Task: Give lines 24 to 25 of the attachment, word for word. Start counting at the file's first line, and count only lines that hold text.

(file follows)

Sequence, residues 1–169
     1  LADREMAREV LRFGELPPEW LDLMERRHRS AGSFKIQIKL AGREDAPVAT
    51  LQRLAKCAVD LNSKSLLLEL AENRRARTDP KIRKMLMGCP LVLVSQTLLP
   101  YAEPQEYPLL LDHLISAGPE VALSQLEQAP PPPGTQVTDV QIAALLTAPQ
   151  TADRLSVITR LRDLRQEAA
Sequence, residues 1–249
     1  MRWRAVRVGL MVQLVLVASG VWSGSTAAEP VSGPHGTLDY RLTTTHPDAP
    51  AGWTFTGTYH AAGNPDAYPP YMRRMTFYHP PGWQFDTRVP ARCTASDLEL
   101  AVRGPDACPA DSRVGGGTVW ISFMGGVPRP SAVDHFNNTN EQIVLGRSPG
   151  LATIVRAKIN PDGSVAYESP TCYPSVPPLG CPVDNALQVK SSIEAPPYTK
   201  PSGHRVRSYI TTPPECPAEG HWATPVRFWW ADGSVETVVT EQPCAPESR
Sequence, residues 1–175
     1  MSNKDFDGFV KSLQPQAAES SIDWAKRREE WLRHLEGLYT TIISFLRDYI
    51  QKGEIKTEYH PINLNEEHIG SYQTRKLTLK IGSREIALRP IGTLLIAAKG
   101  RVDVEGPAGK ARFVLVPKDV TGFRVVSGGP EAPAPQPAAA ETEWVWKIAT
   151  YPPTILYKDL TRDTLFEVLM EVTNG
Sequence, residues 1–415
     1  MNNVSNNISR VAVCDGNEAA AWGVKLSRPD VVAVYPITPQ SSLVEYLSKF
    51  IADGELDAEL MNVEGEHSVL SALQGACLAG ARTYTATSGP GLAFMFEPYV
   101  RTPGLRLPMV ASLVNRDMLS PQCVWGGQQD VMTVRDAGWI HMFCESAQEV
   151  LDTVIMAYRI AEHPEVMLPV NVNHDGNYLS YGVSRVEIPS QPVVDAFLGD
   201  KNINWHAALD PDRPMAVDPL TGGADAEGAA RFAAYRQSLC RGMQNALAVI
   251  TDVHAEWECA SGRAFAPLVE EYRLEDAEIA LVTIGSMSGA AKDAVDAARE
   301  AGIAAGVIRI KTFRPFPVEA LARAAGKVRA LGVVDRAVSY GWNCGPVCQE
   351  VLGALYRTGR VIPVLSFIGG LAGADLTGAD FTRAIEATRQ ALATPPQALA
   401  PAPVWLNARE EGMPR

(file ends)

   301  AGIAAGVIRI KTFRPFPVEA LARAAGKVRA LGVVDRAVSY GWNCGPVCQE
   351  VLGALYRTGR VIPVLSFIGG LAGADLTGAD FTRAIEATRQ ALATPPQALA